In a statement issued on Thursday, Florida’s Democrat gubernatorial candidate Andrew Gillum appeared to walk back his concession, as his campaign said it was now prepared for a recount.
Citing “many more outstanding ballots left to count,” Gillum’s campaign said it was “monitoring the situation closely.”
Gillum lost Tuesday’s close-knit race to his Republican opponent Ron DeSantis, after a contentious battle that included accusations of racism and voter suppression.
As of Wednesday, polling had DeSantis leading Gillum by around 43,000 votes – only slightly over .525 of a percentage point.
According to Florida law, a recount is required in races in which the winning margin is .5 of a percentage point or less.
— Ryan Nobles (@ryanobles) November 8, 2018
Andrew Gillum: “Let’s count every vote, and let’s bring it home.” pic.twitter.com/i1IR3oBrHr
— Keith Boykin (@keithboykin) November 8, 2018
Florida faced the prospect of recounts in the razor-thin races for governor and U.S. Senate, potentially prolonging the battle over two of this year’s most-closely watched campaigns.
In the governor’s race, Democrat Andrew Gillum’s campaign said Thursday it’s prepared for a possible recount. He conceded to Republican Ron DeSantis on Tuesday night, though the margin of the race has since tightened. As of Thursday afternoon, DeSantis held a lead of 0.47 percentage point over Gillum.
Meanwhile, Democratic incumbent Sen. Bill Nelson has already started preparing for a potential recount in a race that remains too close to call against Republican Gov. Rick Scott. Nelson’s lawyer called that race a “jump ball” – though Scott’s campaign urged Nelson to concede. Scott held a 0.21 percentage lead over Nelson Thursday afternoon.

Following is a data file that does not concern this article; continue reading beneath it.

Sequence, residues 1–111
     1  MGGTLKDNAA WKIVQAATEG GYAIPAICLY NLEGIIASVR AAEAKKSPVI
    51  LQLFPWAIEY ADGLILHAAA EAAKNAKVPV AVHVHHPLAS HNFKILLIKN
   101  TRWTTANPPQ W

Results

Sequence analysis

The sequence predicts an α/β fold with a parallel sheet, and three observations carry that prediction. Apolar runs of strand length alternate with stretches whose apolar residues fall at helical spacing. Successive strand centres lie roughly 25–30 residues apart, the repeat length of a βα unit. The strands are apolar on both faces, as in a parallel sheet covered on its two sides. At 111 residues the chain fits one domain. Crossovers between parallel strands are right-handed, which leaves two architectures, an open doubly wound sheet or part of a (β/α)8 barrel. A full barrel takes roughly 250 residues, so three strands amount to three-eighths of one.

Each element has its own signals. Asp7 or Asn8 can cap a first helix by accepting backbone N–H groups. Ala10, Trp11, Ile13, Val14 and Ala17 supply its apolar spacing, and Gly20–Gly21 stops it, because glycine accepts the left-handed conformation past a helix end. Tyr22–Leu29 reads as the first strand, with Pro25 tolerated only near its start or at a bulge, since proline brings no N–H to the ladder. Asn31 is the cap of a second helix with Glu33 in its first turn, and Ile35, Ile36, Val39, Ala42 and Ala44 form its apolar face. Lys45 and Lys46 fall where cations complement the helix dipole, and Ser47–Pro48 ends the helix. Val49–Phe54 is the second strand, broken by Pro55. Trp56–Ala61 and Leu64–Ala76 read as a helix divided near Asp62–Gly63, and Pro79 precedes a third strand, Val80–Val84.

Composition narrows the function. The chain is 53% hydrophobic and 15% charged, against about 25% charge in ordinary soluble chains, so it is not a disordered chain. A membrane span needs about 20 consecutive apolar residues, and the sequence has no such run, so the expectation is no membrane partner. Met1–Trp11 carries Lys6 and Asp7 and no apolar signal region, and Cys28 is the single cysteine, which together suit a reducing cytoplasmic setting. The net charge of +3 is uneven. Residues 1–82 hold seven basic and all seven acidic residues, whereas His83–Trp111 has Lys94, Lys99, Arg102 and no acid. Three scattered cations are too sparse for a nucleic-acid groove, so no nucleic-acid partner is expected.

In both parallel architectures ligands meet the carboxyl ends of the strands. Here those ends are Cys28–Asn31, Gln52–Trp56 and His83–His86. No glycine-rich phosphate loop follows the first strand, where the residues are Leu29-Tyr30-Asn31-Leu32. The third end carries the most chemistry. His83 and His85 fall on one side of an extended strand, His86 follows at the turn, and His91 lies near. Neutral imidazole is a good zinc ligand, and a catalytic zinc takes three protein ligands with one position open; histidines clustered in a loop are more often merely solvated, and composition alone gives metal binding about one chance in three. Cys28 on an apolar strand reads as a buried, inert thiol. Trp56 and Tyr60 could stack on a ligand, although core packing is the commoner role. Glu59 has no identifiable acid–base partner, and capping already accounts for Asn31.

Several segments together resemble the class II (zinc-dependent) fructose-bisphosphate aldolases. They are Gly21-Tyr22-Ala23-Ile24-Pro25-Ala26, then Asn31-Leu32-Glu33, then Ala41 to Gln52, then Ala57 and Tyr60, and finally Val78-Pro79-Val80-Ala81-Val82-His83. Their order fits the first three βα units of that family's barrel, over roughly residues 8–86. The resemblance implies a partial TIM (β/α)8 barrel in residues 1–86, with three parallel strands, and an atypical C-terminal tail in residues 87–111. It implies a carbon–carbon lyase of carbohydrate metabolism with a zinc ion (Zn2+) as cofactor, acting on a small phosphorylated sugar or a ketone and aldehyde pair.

The tight races underscored Florida’s status as a perennial swing state where elections are often decided by the thinnest of margins. Since 2000, when Florida decided the presidency by 537 votes in a contest that took more than five weeks to sort out, the state has seen many close elections, but never so many dead heats in one year.
Sarah Revell, a spokeswoman for the Florida Department of State, said she didn’t know of any other recount in a governor or Senate race in Florida history. She was researching the subject Thursday.
Under Florida law, a recount is mandatory if the winning candidate’s margin is less than 0.5 percentage points when the first unofficial count is verified Saturday by Florida’s secretary of state.